At Syncrude, 2021 freshwater consumption totalled 36.85 Mm3 with an intensity of 0.36 m3 /BOE. Syncrude uses a monthly score card to track water use in order to identify opportunities for reducing withdrawal of freshwater from the Athabasca River. In 2021, conservation projects reduced withdrawal requirements by approximately 3.15 Mm3 . Approximately 85% of the water used in Syncrude’s plant operations was recycled from tailings facilities.
93% water recycle rates at Suncor’s Base Plant and Fort Hills mining operations
The average water recycling rate at the Firebag and MacKay River in situ sites was approximately 99% due to operational efficiencies and site water optimization. Water at these sites is drawn from recycled wastewater from our oil sands upgrading and utilities operations, surface runoff water collected within the facility boundaries and from groundwater wells. In 2021, both Firebag and MacKay River increased freshwater withdrawal and consumption due to site ramp-up requirements and various site activities. The total in situ freshwater consumption intensity of 0.02 m3 /BOE in 2021 remained consistent with historic five-year performance. The amount of water released increased significantly, compared to 2020, to 3.03 Mm3 at Firebag due to operational requirements and the capacity at the site to receive water. Water release decreased at MacKay River due to more water being recycled or reused and because water was needed to restart the site after an unexpected operational incident in December 2019.
Refining and Logistics
Our refineries use fresh water for heating and cooling. All refineries have unique requirements and considerations based on the watersheds in which they operate. In 2021, relatively consistent downstream production, impacts from the pandemic and facility turnarounds led to similar freshwater absolute consumption and intensity values as 2020. We continue to explore and implement local initiatives that will result in more efficient water use, with less fresh water drawn from local water sources.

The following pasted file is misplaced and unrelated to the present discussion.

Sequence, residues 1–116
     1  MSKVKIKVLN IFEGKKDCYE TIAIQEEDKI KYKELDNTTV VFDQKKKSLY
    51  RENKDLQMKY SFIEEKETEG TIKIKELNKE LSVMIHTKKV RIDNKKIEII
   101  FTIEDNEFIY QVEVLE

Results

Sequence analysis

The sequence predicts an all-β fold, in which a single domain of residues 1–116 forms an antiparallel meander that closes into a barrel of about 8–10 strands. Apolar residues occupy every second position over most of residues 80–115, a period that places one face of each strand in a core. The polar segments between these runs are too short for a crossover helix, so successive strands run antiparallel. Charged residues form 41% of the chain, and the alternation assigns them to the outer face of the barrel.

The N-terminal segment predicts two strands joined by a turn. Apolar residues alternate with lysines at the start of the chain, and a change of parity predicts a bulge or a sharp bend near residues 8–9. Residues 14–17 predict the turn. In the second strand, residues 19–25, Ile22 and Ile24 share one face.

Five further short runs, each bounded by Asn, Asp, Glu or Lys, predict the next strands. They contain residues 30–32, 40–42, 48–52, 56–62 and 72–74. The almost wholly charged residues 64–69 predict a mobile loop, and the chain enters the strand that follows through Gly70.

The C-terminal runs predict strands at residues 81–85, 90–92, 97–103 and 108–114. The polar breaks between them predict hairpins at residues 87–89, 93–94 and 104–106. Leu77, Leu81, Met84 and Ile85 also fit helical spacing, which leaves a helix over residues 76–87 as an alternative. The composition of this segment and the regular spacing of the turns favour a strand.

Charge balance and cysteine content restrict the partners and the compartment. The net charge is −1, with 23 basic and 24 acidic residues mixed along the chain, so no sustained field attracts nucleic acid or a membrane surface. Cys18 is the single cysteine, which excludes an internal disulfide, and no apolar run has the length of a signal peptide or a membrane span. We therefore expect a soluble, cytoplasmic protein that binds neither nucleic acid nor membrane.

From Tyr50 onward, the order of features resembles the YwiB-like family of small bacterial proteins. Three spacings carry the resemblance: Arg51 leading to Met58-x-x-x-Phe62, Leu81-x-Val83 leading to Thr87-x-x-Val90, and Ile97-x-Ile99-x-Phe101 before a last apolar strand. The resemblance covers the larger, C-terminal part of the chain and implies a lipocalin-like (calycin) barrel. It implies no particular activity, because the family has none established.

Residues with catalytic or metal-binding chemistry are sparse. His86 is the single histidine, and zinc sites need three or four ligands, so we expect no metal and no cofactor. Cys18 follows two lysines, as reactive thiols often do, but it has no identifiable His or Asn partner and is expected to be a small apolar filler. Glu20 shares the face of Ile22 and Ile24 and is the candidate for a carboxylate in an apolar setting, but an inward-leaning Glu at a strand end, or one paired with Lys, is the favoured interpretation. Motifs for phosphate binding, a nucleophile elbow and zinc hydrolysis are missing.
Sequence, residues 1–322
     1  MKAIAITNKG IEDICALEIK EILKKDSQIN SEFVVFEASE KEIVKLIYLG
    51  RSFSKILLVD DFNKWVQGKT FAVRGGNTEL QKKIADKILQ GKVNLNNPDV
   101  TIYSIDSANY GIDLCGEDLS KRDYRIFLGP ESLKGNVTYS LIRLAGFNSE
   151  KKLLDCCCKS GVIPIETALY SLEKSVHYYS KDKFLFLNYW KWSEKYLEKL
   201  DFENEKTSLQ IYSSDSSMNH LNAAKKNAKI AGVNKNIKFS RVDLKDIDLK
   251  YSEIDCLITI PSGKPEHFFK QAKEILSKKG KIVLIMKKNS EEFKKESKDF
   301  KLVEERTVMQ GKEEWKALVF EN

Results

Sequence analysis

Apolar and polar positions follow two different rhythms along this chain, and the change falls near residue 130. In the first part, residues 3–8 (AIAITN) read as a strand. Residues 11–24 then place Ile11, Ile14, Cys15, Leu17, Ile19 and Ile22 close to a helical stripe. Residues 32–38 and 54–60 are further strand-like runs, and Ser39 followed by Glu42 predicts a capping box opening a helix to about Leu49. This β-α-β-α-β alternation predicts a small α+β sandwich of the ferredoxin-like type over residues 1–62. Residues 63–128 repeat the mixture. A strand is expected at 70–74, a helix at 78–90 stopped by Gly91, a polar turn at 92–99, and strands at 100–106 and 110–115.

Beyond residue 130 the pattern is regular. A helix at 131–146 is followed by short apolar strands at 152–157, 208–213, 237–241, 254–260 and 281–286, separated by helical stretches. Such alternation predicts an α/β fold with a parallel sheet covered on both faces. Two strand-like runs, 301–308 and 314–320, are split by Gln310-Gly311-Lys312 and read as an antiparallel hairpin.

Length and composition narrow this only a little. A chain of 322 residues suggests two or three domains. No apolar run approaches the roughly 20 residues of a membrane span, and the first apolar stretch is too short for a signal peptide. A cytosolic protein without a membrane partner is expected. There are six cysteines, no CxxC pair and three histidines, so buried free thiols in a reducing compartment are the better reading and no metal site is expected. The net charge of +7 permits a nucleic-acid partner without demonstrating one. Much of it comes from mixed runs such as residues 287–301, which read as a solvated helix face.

In 2021, approximately 39% of the total water used at the Edmonton Refinery was from recycled wastewater supplied from the Gold Bar Wastewater Treatment Plant in Edmonton.
None of our assets operate in areas where there is high risk of water stress. However, Suncor’s Commerce City refinery in Colorado operates in a region that is classified as moderate risk, where water supply curtailment would require bringing in water by pipeline or truck. We continue to monitor the status of the basin while focusing on implementing industry-leading innovation at our facilities to reduce, reuse and release water.
We are always looking for ways to limit the amount of water we use, including the amount of freshwater directly withdrawn from local water sources. One way we manage water at our refineries is by upgrading and maintaining the existing wastewater treatment facilities.
Exploration and Production
In our East Coast Canada operations, water is either produced offshore through desalination, or is transferred via vessel from St. John’s, Newfoundland. The Terra Nova floating production, storage and offloading vessel has been shut in since the end of 2019. In 2021, we restructured the Terra Nova project ownership and moved forward with the Asset Life Extension Project. We anticipate a safe return to operations before the end of 2022.
In 2021, both Suncor and Syncrude began reporting in accordance with the Mining Association of Canada’s Towards Sustainable Mining (MAC TSM) Water Stewardship protocol. This protocol is comprised of four focus indicators, which drive our performance: water governance, operational water management, watershed-scale planning and water reporting and performance indicators. All our mining operations achieved a AAA score for the watershed-scale planning indicator and an A score for the other three indicators in 2021.
Suncor Energy is Canada's leading integrated energy company. Suncor's operations include oil sands development, production and upgrading; offshore oil and gas; petroleum refining in Canada and the U.S.; and the company's Petro-Canada retail and wholesale distribution networks (including Canada's Electric Highway™, a coast-to-coast network of fast-charging electric vehicle stations). Suncor is developing petroleum resources while advancing the transition to a low-emissions future through investment in power, renewable fuels and hydrogen. Suncor also conducts energy trading activities focused principally on the marketing and trading of crude oil, natural gas, byproducts, refined products and power. Suncor has been recognized for its performance and transparent reporting on the Dow Jones Sustainability index, FTSE4Good and CDP. Suncor is also listed on the UN Global Compact 100 stock index. Suncor's common shares (symbol: SU) are listed on the Toronto Stock Exchange and the New York Stock Exchange.